Congressional subcommittee to hold Friday hearing at the airport on public safety breakdowns during Nov. 1 rampage

By Gary Walker

Members of a U.S. House of Representatives subcommittee on transportation security plan to call two top LAX officials — Los Angeles World Airports Executive Director Gina Marie Lindsey and LAX Police Chief Patrick Gannon —  to testify Friday at a congressional hearing about public safety missteps during the Nov. 1 shooting spree at the airport.

The hearing, which will be held at LAX, comes after last week’s release of an 83-page “active shooter review”  that was critical of the airport’s emergency alert system, public mass notification system and difficulties in interagency communication and found an emergency phone and two panic buttons were not working at the time of the shooting.

Alleged shooter Paul Ciancia, 24, is charged with killing Transportation Security Administration officer Gerardo Hernandez and wounding three others during the early morning rampage at Terminal 3. The airport was shut down for 30 hours in the aftermath and over 250 flights were canceled. Ciancia has pleaded not guilty.

The TSA and Los Angeles Work Airports, the agency that oversees LAX, have each conducted assessments of the shooting.

TSA Administrator John Pistole is also expected to testify during the hearing and review findings of those reports with members of Congress, according to a Homeland Security advisory obtained by The Argonaut.

The active shooter review, authored by a pair of consulting firms, praised public safety officers for preventing additional fatalities but was critical of communications failures. According to the report, airport officials spent $5.4 million in 2011 on a new high-tech radio system that was frequently unable to communicate with other responding agencies.

“Had the attacker not been highly selective in his targets, and/or had there been multiple attackers with weapons of greater lethality, the outcome might have been far different,” the report states.

Marshall McClain, president of the Los Angeles Airport Police Association, said his union was not consulted on the active shooter review. “We were a little taken aback by that,” he said.

But McClain said he was “pleased” the report spotlighted what he called poor communication between law enforcement groups.

McClain blamed Lindsey for the failure of the alert system, saying that she has placed too much attention on the restructuring of the Tom Bradley International Terminal at the expense of maintaining airport-wide emergency alert and notification systems.

“We have a general manager who has created more fiefdoms [rather] than an emergency management system that functions properly,” McClain said. “With 165,000 to 175,000 passengers a day, how do you not think a 911 system should be a priority?”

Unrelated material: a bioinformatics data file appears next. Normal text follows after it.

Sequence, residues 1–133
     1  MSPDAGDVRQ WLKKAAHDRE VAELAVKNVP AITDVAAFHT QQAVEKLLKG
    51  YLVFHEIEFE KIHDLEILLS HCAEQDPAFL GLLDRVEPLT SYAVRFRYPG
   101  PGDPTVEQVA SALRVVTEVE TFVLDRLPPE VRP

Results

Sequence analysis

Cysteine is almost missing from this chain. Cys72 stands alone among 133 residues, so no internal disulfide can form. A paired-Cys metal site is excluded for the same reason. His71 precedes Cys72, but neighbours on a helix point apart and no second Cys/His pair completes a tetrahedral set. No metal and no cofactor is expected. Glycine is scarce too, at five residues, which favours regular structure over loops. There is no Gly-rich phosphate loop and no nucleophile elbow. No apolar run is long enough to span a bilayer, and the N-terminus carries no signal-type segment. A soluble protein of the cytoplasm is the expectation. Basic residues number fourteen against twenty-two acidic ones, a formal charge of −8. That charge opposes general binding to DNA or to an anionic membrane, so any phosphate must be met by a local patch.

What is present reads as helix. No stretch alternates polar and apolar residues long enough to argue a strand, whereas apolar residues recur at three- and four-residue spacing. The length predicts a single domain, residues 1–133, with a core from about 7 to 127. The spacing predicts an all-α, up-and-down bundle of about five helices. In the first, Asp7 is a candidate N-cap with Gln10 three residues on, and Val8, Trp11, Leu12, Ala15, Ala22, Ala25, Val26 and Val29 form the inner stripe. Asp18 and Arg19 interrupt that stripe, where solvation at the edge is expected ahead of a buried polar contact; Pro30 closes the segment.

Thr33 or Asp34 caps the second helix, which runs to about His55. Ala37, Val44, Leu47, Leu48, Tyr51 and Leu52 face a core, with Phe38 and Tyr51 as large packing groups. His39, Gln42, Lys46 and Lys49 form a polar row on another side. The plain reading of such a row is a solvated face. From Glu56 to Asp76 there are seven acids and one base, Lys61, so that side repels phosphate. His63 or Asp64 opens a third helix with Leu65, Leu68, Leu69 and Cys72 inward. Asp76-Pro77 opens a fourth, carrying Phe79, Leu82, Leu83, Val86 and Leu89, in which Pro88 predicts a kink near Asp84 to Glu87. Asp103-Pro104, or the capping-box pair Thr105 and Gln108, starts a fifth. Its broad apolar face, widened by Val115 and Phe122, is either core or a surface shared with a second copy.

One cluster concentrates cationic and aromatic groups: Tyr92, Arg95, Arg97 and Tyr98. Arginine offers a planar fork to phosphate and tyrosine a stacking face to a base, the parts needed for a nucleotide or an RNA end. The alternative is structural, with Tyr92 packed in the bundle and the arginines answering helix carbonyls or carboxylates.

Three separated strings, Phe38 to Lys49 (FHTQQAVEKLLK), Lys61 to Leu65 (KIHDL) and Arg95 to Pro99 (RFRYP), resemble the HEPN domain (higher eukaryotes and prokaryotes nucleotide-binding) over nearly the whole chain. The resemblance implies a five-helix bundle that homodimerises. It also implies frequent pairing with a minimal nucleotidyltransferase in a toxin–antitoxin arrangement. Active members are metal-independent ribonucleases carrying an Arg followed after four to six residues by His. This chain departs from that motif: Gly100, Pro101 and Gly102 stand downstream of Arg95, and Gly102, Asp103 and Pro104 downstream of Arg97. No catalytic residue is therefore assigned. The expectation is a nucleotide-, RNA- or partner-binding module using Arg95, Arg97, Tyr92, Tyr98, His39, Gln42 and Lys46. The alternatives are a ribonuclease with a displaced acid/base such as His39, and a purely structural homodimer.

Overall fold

In response to calls for Lindsey, Los Angeles World Airports staff referred to a memo she wrote to the airport board stressing the importance of examining all airport functions in the wake of the shooting.

“It is incumbent upon all of us at Los Angeles World Airports to take a clear-eyed, detailed look at every aspect of this incident to identify any action that we might undertake that could prevent a similar occurrence,” Lindsey wrote.

Recommendations in the review specified measures airport employees could undertake “that could prevent a similar occurrence, enable us to better manage emergency events, and harness all available resources to ensure appropriate customer care during prolonged operational disruptions,” Lindsey continued.

At a March 18 press conference at LAX, Los Angeles Mayor Eric Garcetti credited public safety first responders for their rapid response but also criticized the lack of coordination between the various law enforcement agencies.

“The biggest failure was our lack of communications,” Garcetti told reporters.  “We’re lucky that the shooting didn’t take more lives. … We got lucky that day.”

Rep. Maxine Waters (D- Los Angeles), whose district includes Westchester and LAX, expressed outrage that the automated communications system did not function properly on Nov. 1.

“I am shocked and dismayed by the revelations,” reads a statement by Waters. “This report is an embarrassment. LAWA spends $125 million on security every year. With this level of investment, LAX should have a state-of-the-art emergency response system.”

The report, Waters continued, “explains how problems in coordination between various police and fire departments resulted in multiple command posts at different locations that did not unify for 45 minutes.”

A spokeswoman for Waters said she plans to attend the hearing.

The review also criticized airport officials for not being ready to arrange overnight accommodations for passengers whose flights were cancelled because of the shooting

Thousands of passengers were stranded during the 30 hours that the airport was shut down. Several decided to seek hotel rooms on their own and many who were interviewed later said they received no direction or assistance from the airport.